Skip To Main Content

Logo Image

Danville Independent Schools

Ron "Radio Ron" Chilton
  • Danville Alumni Stories
Ron "Radio Ron" Chilton

Ron Chilton, who is also known as “Radio Ron,” is a 1953 Danville High School graduate. There were just 65 students in his graduating class, and he was the senior class president. 

At 89 years old, Chilton still regularly runs 5K races and has participated in the annual Coach Plummer 5K Run/Walk at Admiral Stadium every year for at least a decade. 

He got the nickname “Radio Ron” because he spent about 40 years working in radio. He got his start at Danville’s very own WHIR radio station. The rest of his career in radio was at stations in Lexington and Louisville. Chilton currently lives in Louisville. 

Another way Chilton has been involved in the Danville community is through performing at Pioneer Playhouse, both onstage and in a band. He recently attended Pioneer Playhouse’s 75th Anniversary Gala earlier this month, where he was recognized as an alumnus of the Playhouse. 

He shared some stories about his Danville Schools journey. 

Ron "Radio Ron" Chilton Pioneer Playhouse band photo

Ron "Radio Ron" Chilton is pictured third from left at 15 years old. This is a photo from his days playing in a band at Pioneer Playhouse. 


Tell us about your Danville Schools journey. What school(s) did you attend, and what’s a highlight that stands out to you?

I actually started in the 1st grade at Maple Avenue, now Edna L. Toliver Intermediate School. I started there in 1941 and attended for four years. Then my father moved to Burgin, and so I spent the 7th and 8th grades there at Burgin school, but then my father got a job back in Danville. So I moved back to Danville in 1949, entered the 9th grade, and I attended Danville High School.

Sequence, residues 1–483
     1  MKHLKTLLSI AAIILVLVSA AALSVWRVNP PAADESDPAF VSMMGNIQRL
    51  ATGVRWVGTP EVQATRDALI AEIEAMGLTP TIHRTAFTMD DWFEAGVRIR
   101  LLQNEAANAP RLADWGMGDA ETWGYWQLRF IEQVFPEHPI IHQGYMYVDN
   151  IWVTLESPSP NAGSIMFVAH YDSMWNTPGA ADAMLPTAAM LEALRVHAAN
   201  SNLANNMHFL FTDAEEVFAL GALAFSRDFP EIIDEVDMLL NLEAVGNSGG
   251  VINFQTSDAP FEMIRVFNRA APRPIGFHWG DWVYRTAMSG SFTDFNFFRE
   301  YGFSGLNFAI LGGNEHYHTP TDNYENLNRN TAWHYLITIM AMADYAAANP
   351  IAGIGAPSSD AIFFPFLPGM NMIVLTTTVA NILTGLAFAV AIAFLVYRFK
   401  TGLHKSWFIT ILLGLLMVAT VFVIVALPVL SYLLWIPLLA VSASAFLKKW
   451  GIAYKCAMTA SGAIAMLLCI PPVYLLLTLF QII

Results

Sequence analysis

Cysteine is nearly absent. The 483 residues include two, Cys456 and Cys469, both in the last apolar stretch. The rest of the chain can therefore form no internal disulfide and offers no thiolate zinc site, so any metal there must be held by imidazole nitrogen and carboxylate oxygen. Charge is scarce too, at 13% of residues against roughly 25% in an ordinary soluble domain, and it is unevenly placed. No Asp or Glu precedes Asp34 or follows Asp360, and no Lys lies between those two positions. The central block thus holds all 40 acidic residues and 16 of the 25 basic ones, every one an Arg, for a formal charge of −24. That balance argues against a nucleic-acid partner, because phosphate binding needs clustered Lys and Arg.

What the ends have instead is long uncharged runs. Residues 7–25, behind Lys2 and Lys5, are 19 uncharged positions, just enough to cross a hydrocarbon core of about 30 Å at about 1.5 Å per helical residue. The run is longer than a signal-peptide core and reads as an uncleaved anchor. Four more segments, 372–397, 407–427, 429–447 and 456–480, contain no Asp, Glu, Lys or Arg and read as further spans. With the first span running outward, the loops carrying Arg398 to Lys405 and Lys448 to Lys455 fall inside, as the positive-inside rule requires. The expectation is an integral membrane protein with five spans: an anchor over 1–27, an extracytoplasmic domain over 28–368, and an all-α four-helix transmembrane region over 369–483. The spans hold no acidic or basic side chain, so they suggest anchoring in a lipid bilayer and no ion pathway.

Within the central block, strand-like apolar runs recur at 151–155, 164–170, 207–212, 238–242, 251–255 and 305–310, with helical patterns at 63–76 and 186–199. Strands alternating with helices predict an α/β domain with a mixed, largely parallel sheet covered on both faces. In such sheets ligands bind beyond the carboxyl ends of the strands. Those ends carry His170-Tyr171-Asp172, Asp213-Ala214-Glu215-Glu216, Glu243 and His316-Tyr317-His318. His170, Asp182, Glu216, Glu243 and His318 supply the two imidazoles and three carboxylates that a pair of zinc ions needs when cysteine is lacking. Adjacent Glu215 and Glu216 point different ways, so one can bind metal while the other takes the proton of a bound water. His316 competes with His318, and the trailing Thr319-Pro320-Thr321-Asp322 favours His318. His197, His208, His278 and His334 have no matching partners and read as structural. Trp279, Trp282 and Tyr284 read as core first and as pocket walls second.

I was an overachiever. I just had to be doing this and that. I was in the chorus; I played saxophone in the band. Looking back, I’m not sure if I should have been involved in so many activities! I was president of the senior class, but also secretary of the student council, and I was lieutenant governor of the key club — so it always seemed that I had to be doing something, achieving something.

What aspects of your Danville Schools education helped mold you into the person you are today, and are there specific instances or relationships that stand out to you?

I think the teachers, primarily. They all seemed to be so helpful. I remember when I transferred from Burgin to Danville in the 9th grade, they were all eager to see that I assimilated into the curriculum. So I had so many who took special interest in me, but I think in retrospect, that’s one of the reasons I was an overachiever. I wanted to please my parents and teachers, so I ran for every office. Doc Owens was my band teacher. I always wanted to get a superior rating in band, and I was the lead baritone singer in the chorus, and also I got several superiors in that, so I think it was molding me through a great group of teachers at Danville High School.

As a product of Danville Schools, what advice would you give to a parent who was choosing an education path for their child?

Your educational subjects are extremely important. I don’t want to diminish the importance of that, but I would say get into as many extracurricular activities as you can, because it makes you a well-rounded person and student, and you just get so much more out of your high school career if you dip your toe into every single thing you possibly can.

This piece is part of an ongoing series telling the stories of our Danville Alumni! We share a new alumni story once a month, and we want YOUR story. If you or someone you know is a Danville graduate and an excellent representative of the Danville community and the idea of #SuccessForALL, whether they live in Danville or not, please fill out the form linked below. You can also show your Danville Alumni pride on social media with the hashtag #DanvilleAlumniStories


  • #Danvillealumnistories
  • Danville Independent Schools
  • alumni
  • danville alumni stories
  • disd